Feldman, A. M. (1998). Kaldor-hicks compensation. The new Palgrave Dictionary of economics and the law2, 417-421.

Hildebrandt, M. (2015). Smart technologies and the end (s) of law: novel entanglements of law and technology. Edward Elgar Publishing.

Kapczynski, A. (2011). The cost of price: Why and how to get beyond intellectual property internalism. UCLA L. Rev.59, 970.

Mirowski, P., & Nik-Khah, E. (2017). The knowledge we have lost in information: the history of information in modern economics. Oxford University Press.

Shekman, David. “Gamestop and the Surrounding Legal Questions.” Medium, Medium, 5 Feb. 2021, medium.com/@shekman27/gamestop-and-the-surrounding-legal-questions-fc0d1dc142d7.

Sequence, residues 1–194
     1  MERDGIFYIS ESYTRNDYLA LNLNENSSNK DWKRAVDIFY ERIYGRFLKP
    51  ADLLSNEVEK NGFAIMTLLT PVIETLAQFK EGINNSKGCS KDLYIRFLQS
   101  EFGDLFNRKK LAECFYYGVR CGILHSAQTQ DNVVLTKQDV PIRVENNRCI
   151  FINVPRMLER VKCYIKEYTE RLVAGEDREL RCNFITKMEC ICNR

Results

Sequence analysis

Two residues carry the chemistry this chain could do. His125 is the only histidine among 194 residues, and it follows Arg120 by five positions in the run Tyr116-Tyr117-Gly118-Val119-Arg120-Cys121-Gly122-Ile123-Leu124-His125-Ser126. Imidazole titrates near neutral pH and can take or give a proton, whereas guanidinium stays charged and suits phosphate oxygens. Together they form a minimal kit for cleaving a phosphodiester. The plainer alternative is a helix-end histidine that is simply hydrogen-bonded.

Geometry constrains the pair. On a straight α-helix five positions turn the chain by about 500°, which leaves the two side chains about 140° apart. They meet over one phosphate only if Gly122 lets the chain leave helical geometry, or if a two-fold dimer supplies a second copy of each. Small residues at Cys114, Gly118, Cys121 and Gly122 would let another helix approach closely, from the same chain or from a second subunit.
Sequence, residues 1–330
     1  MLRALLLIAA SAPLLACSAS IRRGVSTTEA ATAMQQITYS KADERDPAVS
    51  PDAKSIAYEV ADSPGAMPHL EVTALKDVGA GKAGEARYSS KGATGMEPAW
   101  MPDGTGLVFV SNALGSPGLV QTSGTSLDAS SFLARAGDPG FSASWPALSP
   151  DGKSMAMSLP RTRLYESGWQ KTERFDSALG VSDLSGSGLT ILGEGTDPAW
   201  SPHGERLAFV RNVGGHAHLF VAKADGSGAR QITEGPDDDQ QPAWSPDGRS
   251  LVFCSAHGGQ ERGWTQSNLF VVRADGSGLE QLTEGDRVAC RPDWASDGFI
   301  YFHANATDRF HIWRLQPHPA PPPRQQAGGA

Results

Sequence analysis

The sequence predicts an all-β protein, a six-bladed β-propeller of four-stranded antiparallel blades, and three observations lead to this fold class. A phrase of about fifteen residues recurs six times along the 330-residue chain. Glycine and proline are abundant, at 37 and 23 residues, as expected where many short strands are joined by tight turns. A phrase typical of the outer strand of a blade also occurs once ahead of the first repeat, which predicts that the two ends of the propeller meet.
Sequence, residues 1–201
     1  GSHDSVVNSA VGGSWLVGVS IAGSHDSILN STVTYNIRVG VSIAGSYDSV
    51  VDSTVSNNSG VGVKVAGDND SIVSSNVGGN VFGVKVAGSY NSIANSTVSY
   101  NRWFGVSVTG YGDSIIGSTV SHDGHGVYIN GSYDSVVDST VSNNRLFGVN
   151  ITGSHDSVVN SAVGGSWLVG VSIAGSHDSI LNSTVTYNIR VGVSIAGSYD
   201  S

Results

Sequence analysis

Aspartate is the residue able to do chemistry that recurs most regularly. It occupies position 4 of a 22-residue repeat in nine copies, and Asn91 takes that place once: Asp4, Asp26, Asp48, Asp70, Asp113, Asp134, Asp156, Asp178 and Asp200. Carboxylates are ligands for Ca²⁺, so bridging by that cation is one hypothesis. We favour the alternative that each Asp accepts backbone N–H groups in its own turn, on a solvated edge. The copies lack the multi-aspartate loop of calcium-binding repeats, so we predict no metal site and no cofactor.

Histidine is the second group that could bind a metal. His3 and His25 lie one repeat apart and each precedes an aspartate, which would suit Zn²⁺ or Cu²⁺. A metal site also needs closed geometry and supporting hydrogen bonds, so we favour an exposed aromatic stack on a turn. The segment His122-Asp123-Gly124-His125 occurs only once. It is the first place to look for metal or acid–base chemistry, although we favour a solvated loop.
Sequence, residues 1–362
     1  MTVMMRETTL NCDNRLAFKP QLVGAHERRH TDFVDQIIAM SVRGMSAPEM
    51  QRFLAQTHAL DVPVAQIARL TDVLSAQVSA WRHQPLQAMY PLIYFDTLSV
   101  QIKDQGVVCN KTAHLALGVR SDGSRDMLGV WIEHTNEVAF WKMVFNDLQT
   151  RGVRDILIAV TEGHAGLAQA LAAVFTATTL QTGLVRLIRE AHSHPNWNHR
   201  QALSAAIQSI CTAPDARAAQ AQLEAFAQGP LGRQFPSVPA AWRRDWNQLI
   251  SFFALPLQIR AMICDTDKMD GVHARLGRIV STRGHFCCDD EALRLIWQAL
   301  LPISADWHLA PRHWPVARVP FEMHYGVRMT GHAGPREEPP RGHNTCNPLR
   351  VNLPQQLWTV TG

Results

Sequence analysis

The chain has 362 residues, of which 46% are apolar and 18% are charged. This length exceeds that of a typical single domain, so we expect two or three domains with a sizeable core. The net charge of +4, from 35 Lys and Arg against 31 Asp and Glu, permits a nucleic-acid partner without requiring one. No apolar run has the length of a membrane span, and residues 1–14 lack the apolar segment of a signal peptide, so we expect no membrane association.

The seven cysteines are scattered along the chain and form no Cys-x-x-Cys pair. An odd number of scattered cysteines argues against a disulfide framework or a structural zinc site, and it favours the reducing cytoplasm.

Strandburg, K. J. (2013). Free fall: The online market’s consumer preference disconnect. U. Chi. Legal F., 95.

Szabo, N. (2002). Shelling out: the origins of money. Satoshi Nakamoto Institute.

Szabo, Niklos. “Art Post-LaBeouf.” Medium, Medium, 22 Sept. 2014, medium.com/@niklosszabo/art-post-labeouf-b7de5732020c.

Tech Law and Political Economy

It has been an intellectually exciting semester at NYU’s Information Law Institute and regular, more open research meeting, the Privacy Research Group. More than ever in my experience, we’ve been developing a clarity about the political economy of technology together. I am especially grateful to my colleagues Aaron Shapiro, Salome Viljoen, and Jake Goldenfein for introducing me to a lot of very enlightening new literature. This blog post summarizes what I’ve recently been exposed to via these discussions.